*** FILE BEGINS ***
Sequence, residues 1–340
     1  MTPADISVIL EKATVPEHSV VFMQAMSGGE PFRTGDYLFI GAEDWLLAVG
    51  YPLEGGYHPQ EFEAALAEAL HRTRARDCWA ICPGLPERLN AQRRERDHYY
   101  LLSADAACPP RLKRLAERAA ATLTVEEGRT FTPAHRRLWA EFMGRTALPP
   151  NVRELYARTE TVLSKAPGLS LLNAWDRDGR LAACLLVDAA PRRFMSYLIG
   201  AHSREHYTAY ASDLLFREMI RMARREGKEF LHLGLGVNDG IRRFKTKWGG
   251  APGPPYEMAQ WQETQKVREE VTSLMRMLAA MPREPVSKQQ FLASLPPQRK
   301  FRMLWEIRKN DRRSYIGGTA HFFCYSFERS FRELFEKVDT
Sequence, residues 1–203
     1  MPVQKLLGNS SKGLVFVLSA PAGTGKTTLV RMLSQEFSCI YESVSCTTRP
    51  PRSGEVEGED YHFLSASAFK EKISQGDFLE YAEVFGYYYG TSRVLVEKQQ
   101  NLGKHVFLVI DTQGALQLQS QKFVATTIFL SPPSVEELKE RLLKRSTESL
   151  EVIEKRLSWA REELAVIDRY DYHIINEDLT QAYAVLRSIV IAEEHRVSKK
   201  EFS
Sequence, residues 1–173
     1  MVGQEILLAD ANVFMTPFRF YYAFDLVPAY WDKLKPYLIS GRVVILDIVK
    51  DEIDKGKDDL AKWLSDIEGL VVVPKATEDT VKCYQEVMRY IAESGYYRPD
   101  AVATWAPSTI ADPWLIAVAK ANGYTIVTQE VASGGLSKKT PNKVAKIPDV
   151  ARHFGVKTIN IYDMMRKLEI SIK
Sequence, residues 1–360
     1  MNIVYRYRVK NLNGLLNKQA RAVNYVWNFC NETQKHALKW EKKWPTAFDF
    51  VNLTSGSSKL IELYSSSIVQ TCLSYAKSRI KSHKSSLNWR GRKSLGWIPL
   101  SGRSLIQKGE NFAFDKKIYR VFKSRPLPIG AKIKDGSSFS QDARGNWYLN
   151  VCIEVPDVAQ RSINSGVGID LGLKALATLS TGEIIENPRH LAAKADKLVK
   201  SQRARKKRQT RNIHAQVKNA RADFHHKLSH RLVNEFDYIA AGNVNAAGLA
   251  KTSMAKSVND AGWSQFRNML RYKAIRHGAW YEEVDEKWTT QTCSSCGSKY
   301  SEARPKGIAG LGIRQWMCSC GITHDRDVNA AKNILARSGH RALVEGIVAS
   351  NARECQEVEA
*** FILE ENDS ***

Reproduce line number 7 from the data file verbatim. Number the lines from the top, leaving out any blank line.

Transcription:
   251  APGPPYEMAQ WQETQKVREE VTSLMRMLAA MPREPVSKQQ FLASLPPQRK